What is Pose Running?
“Pose running?” you say. “Is that something for models?”
While I’m sure models have their own workout methods to stay in shape (which may or may not be called pose running), the phrase in question here refers to a dynamic technique for increasing efficiency in how you run.
Created in the 1970’s by Russian track coach Nicholas Romanov, Pose running is designed to offer runners the most effective running technique possible. While some disagree as to how effective it actually is, many trainers and coaches are using Pose running these days to boost the effectiveness of their students.
That means you!
Here is all you need to know about Pose running, in case you’re interested.
The Basics of Pose Running
There are three essential parts to your stride when you run: the pose, the fall, and the pull. This technique gets its name from the first part in the running cycle.
The pose occurs when the center of your body mass passes over your trailing foot. At this point, your legs will resemble a figure-4 shape.
The fall occurs right after. Your body literally falls through space – not by much, but enough for your body to use gravity to its advantage.
The pull is the last step of the cycle, during which your plant foot is pulling back before pushing to set up the pose.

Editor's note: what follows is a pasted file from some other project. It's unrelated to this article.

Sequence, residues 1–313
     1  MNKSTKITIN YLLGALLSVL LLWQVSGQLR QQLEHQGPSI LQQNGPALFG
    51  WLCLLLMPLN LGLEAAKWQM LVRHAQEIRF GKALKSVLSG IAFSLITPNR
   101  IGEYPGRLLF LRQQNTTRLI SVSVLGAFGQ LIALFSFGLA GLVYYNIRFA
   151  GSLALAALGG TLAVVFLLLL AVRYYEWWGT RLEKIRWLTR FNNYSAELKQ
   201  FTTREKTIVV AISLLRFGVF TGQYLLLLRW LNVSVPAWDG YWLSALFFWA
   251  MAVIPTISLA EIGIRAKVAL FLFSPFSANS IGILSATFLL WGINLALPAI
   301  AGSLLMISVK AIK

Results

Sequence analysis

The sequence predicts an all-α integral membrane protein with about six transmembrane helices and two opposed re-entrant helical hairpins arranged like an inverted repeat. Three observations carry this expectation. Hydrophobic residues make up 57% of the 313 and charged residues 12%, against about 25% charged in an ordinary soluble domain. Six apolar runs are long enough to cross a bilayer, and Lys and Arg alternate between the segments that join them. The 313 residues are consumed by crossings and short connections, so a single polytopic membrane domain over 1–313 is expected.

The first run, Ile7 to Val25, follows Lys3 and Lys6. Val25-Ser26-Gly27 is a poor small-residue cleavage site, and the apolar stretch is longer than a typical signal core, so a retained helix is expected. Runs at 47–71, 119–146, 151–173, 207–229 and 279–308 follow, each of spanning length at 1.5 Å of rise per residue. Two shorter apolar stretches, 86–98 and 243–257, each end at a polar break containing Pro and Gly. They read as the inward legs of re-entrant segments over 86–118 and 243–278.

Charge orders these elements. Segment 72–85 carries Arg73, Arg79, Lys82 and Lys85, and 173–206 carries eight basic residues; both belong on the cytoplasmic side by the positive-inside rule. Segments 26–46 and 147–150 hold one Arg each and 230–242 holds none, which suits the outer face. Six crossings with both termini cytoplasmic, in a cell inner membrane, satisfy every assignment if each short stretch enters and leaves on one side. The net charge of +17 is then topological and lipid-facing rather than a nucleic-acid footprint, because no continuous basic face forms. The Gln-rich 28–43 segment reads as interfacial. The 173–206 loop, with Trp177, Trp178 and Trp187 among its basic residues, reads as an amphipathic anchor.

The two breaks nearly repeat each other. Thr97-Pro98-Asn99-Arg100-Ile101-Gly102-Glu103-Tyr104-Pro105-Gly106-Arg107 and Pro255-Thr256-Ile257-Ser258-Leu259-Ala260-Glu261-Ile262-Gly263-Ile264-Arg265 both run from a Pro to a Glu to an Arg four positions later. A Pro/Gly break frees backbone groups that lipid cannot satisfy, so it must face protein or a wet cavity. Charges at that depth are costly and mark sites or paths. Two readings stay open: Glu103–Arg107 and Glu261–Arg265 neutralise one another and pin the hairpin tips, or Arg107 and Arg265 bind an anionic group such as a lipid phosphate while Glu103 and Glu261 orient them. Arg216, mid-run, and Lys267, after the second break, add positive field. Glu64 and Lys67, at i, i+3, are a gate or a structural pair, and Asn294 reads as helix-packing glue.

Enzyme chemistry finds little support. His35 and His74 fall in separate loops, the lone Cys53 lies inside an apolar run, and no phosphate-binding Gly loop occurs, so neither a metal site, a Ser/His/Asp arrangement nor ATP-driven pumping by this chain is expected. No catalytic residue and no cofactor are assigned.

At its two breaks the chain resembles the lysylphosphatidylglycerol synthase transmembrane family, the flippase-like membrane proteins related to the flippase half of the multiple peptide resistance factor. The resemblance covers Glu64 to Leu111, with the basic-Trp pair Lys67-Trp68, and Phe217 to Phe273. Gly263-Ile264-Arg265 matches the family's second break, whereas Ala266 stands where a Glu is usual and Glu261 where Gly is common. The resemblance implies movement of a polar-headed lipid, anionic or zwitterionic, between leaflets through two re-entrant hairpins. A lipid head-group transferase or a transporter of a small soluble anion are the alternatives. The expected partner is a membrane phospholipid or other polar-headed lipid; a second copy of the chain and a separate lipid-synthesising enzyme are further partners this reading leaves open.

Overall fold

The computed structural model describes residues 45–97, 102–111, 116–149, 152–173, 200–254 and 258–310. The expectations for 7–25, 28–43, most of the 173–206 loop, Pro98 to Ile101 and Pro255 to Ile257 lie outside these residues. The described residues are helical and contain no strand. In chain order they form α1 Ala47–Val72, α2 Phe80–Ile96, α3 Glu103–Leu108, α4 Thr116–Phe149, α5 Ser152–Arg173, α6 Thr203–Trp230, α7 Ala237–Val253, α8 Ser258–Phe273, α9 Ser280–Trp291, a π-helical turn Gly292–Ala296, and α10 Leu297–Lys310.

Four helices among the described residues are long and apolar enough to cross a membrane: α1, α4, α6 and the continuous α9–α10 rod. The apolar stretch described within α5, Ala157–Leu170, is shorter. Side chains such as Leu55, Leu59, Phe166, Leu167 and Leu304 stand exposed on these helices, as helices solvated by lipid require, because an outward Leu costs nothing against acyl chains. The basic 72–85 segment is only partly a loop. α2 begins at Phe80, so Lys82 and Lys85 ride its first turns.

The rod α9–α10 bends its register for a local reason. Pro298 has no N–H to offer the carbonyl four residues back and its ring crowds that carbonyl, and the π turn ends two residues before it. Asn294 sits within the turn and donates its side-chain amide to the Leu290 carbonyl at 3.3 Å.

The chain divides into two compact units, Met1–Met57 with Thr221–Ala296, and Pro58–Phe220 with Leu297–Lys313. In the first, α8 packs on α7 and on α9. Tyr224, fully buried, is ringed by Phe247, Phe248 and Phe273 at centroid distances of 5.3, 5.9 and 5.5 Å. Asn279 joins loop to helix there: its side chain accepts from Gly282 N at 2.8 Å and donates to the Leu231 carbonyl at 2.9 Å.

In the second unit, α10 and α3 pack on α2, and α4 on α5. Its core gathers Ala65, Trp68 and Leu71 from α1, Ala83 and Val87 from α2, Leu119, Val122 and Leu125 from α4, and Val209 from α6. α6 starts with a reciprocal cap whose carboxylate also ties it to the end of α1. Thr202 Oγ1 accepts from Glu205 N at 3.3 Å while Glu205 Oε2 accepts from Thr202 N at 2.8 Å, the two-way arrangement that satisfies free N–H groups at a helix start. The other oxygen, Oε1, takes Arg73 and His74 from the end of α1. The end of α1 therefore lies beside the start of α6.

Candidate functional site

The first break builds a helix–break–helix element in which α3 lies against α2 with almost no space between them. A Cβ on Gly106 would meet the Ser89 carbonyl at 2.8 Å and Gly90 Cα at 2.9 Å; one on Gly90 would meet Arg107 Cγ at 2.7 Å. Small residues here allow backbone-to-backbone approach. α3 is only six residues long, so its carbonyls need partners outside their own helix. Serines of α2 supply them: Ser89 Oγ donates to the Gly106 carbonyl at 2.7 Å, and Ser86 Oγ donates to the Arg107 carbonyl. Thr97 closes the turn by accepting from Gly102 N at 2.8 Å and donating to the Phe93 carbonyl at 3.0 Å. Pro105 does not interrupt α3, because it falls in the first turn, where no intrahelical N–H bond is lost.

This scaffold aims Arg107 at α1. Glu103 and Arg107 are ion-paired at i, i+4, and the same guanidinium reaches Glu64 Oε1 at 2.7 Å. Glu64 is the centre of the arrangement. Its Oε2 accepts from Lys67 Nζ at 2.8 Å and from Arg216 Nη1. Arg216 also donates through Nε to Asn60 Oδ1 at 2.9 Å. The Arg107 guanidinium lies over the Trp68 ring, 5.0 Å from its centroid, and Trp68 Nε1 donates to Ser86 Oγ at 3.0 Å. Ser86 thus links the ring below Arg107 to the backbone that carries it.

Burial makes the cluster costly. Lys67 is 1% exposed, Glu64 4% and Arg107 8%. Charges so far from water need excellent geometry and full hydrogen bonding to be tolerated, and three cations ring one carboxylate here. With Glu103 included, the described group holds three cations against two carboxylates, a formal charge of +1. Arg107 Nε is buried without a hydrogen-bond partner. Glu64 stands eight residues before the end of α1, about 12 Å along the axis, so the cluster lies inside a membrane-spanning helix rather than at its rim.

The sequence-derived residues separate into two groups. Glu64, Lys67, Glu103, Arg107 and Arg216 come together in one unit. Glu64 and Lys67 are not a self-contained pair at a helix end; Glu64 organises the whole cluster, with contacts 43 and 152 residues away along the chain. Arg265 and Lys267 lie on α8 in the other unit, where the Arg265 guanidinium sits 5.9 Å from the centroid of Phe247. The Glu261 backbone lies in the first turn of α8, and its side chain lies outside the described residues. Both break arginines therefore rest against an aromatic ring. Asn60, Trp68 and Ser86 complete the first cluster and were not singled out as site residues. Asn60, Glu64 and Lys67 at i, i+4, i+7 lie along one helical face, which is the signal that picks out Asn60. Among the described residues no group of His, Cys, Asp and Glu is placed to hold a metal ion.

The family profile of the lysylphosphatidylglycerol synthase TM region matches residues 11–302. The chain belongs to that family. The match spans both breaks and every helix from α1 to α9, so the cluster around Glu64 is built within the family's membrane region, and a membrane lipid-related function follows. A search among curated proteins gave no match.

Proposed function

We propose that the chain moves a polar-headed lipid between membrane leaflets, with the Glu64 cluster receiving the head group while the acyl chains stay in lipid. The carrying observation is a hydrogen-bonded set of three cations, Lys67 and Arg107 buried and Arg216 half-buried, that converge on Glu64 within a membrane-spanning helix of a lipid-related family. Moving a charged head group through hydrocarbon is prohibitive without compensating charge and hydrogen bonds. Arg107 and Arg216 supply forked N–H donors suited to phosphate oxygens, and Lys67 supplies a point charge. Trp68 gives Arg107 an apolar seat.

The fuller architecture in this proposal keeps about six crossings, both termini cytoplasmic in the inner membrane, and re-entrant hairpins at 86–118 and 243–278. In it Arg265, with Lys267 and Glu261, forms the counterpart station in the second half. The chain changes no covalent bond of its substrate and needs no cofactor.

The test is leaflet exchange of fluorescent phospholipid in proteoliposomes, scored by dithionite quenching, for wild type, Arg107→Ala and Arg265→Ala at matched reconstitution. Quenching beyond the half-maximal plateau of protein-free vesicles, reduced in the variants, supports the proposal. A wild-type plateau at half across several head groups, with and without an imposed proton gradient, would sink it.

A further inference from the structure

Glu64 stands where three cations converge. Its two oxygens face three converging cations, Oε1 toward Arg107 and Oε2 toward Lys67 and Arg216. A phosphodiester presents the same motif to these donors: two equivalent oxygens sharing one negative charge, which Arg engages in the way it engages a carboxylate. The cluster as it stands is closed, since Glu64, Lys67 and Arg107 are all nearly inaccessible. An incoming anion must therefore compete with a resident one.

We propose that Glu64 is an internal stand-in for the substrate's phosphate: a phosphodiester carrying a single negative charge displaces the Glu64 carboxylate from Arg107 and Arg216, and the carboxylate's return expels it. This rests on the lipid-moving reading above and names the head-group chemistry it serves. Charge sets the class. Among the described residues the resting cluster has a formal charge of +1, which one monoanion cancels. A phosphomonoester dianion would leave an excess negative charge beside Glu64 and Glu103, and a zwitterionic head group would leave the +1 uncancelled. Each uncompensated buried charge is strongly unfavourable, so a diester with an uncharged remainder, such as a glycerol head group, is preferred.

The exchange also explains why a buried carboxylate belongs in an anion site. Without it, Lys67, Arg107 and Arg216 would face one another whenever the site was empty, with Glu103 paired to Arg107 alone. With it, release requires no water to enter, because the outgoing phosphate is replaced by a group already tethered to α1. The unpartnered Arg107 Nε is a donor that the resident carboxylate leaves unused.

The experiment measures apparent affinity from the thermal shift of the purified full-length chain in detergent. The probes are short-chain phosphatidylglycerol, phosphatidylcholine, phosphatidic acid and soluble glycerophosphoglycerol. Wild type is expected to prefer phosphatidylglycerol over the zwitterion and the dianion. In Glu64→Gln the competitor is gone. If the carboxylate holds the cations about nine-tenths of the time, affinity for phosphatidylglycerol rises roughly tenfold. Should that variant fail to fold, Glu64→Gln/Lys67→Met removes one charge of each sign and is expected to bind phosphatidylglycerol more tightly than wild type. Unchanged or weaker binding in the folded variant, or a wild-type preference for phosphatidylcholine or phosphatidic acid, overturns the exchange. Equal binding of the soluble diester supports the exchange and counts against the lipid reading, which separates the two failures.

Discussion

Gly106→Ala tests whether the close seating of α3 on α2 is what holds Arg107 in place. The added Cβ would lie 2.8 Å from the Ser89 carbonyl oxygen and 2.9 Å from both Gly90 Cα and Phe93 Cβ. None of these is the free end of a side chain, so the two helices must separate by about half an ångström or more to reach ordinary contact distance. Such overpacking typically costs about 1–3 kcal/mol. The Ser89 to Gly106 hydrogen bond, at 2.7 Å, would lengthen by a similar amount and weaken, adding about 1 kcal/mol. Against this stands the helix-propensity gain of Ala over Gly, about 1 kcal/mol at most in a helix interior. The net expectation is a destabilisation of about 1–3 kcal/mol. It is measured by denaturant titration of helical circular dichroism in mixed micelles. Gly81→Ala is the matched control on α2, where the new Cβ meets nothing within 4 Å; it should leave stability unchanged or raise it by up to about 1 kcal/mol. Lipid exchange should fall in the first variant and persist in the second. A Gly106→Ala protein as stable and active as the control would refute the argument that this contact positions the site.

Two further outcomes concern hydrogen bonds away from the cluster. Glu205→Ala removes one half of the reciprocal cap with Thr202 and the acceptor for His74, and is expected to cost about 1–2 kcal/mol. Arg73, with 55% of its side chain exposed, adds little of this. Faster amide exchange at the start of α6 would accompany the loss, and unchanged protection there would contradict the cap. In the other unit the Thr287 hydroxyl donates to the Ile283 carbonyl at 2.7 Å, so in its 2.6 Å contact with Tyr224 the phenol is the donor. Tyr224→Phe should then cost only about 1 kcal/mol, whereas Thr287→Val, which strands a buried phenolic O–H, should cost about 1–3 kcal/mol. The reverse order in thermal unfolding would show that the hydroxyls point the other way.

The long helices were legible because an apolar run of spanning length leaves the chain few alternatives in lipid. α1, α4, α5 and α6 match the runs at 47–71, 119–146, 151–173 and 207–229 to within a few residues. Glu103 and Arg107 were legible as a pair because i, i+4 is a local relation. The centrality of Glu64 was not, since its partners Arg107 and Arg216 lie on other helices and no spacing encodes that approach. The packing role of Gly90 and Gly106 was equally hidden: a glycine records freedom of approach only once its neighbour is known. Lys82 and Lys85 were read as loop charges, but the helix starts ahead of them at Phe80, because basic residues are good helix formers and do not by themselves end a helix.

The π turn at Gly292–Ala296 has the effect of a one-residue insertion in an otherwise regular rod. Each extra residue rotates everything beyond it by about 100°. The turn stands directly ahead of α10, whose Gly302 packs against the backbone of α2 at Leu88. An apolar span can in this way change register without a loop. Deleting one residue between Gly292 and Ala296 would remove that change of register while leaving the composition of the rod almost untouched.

What’s the point of all this? Well, Pose running focuses on a few key concepts:
- Running on the balls of your feet, instead of your heels
- Allowing yourself to “fall” in a controlled manner
- Depending on gravity, not your legs, for propulsion
How are you supposed to do all of this? Well, you basically learn to run all over again.
To run with the Pose technique, you basically are allowing yourself to fall forward and let gravity pull you instead of pushing off with your legs.
To do this, lean forward more than you would normally. You should not be off balance, but should feel like you’re about to fall. Lean with your body, and don’t bend at the waist.
As mentioned above, make sure you land on the balls of your feet, not your heels. Really work on this, because it’s a natural tendency these days to use the heel.
You want to also make sure your feet land under your body, not in front of it. Putting your feet in front of your body causes stress on your heels, joints, and tendons, and is bad, simply put.
Finally, make sure you have a quick turnover, with faster foot speed than your usual form. Try to flick your heels towards your rear as soon as your feet hit the ground.
The biggest part of running the Pose method is practice. It takes time to reprogram your body to make it do what you want when running. But, correctly doing Pose running can help you withstand injury and run more efficiency for greater results.
Have you tried Pose running? Thinking of giving it a shot?